Warren Buffett says he supports President Barack Obama's efforts to eliminate the Bush-era tax cuts for wealthy Americans, but he disagrees on where to draw the line.
In an op-ed piece in The New York Times on Monday, Buffett writes that the cutoff should be "maybe $500,000 or so."
Obama has insisted that the cuts be extended only for families with less than $250,000 in annual income.
Republicans argue that tax rates should stay lower for everyone to promote economic growth.
It's a key issue in the ongoing negotiations over the looming "fiscal cliff."
In his op-ed, Buffett rejects the idea that wealthier Americans would go on "strike ... stuffing their ample funds under their mattresses if — gasp —capital gains rates and ordinary income rates are increased. The ultrarich, including me, will forever pursue investment opportunities."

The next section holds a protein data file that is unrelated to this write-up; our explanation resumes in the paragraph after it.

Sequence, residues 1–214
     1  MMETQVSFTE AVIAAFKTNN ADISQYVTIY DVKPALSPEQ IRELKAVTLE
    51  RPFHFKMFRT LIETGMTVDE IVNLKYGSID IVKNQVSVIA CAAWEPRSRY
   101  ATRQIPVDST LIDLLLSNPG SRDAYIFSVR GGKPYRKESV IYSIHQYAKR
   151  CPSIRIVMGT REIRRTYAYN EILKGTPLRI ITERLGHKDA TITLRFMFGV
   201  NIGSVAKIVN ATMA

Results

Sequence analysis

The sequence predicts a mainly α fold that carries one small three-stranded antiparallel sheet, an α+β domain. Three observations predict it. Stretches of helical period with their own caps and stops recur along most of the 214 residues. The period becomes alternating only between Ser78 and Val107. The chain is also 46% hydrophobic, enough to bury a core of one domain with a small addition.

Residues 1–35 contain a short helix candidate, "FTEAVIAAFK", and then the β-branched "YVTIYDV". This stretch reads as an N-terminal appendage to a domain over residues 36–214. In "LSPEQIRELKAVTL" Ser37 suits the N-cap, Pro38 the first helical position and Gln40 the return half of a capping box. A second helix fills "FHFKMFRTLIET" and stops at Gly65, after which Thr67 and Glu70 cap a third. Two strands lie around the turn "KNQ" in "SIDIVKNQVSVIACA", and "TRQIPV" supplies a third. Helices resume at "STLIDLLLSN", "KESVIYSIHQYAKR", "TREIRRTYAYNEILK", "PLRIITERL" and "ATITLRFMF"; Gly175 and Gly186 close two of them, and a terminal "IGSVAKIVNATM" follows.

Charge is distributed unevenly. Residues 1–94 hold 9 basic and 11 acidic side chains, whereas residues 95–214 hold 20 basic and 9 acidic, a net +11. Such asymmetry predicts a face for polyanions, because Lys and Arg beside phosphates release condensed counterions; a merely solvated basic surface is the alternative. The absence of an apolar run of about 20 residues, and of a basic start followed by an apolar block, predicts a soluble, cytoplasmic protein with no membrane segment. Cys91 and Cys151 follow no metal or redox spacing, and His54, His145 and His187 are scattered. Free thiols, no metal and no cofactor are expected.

Buffett also repeats his controversial call for a minimum tax of high incomes. He's suggesting 30 percent on taxable income between $1 million and $10 million, and 35 percent on incomes above $10 million. "A plain and simple rule like that will block the efforts of lobbyists, lawyers and contribution-hungry legislators to keep the ultrarich paying rates well below those incurred by people with income just a tiny faction of ours," he writes.
He thinks Congress should make that change right away, and not wait for some effort at a more comprehensive tax reform.
In the meantime, he writes, you might "run into someone with a terrific investment idea, who won't go forward with it because of the tax he would owe when it succeeds."
Buffett wants to help. "Send him my way. Let me unburden him."